Fundamentals Seminar 5: Conflict Overlay Factors

Guy and Heidi Burgess make a distinction between core conflict elements that explain what the conflict is "really about," and "overlay elements" which are factors that lie over the core elements, making them more difficult to see and resolve. This seminar introduces what some of those overlay elements are; much more detail is provided about each of these, however, in later seminars.

Essays in this Seminar Include:

  • Core and Overlays Part 2 -- An examination of the Burgess's theory of core and overlaying factors which contribute to conflict intractability. This video focuses primarily on the overlay conflict elements.
  • Frames, Framing and Reframing -- Frames are the way we see things and define what we see. Similar to the way a new frame can entirely change the way we view a photograph, reframing can change the way disputing parties understand and pursue their conflict. (Note: also see Fundamentals Seminar 7, below.)
  • Misunderstandings -- Normal conversations almost always involve miscommunication, but conflict seems to worsen the problem. Even if the misunderstandings do not cause conflict, they can escalate it rapidly once it starts. (Note: also see Fundamentals Seminar 8, below.)
  • Factual Disputes -- Many conflicts involve disagreements over facts. This essay discusses the nature of factual disputes and how to deal with them. (Note: also see Fundamentals Seminar 9, below.)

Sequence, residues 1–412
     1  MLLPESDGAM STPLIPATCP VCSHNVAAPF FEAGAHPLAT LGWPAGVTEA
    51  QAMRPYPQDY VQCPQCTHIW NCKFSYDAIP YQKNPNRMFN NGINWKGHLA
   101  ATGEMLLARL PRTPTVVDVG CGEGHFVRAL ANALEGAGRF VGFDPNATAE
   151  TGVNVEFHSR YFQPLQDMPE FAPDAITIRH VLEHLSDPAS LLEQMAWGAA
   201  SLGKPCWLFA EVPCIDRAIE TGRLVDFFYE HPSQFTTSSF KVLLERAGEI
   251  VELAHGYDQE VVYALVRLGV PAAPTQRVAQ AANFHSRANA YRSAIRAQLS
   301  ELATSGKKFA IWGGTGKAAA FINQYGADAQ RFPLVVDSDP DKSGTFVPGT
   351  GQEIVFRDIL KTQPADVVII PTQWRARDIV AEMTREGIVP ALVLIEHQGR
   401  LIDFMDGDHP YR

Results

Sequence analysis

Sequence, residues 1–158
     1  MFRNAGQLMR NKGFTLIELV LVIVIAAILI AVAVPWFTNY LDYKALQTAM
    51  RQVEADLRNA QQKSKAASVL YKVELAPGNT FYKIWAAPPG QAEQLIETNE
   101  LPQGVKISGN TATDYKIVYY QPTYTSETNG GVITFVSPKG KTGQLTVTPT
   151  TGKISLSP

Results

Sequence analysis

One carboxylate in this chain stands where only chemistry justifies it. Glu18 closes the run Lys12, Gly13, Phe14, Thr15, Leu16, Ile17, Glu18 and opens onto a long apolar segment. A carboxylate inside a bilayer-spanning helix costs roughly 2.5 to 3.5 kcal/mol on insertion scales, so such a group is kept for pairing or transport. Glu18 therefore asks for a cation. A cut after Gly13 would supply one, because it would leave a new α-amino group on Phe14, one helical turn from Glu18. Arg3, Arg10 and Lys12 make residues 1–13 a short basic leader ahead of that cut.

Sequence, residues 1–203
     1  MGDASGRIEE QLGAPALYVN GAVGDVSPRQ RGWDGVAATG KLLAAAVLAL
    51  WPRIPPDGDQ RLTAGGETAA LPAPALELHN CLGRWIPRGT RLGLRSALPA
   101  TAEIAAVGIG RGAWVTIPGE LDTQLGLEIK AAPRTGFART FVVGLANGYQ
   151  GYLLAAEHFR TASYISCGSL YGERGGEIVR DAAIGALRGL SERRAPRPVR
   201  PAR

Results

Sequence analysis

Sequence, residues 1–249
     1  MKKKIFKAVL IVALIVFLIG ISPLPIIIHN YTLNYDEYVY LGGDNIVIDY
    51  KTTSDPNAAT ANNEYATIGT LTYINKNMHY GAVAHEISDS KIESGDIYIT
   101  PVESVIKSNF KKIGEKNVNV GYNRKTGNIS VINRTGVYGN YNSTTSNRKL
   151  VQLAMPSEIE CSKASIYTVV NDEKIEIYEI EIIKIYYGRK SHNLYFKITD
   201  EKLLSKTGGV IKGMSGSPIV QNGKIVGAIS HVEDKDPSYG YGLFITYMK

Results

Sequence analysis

• Procedural Disputes/Procedural Justice - These disputes occur when decision making procedures (as opposed to outcomes) are considered unfair.
  • Destructive Escalation -- Escalation is an increase in the intensity of a conflict. The number of parties and issues tends to increase, tactics become heavier, malevolence increases, and overall destructiveness generally increases as well. (Note: also see Fundamentals Seminar 10, below.)

Related Conflict Frontiers Posts

Related Knowledge Base Essays

  • Ethos of Conflict -- A community's ethos is its shared beliefs, goals and identity. Communities in an intractable conflict expand that ethos to explain their approach to the conflict. A community's ethos strongly affects how destructive the conflict becomes.
  • Siege Mentality -- Many societies believe that other societies have negative intentions towards them. But with the "siege mentality," the situation is far more extreme. They believe that the entire world is hostile toward them.
  • Framing - The BI Knowledge Base has a large section on framing, describing many different ways to frame a conflict, and how to reframe for conflict transformation or resolution.
  • Escalation - More essays on different escalation and de-escalation strategies are available here.

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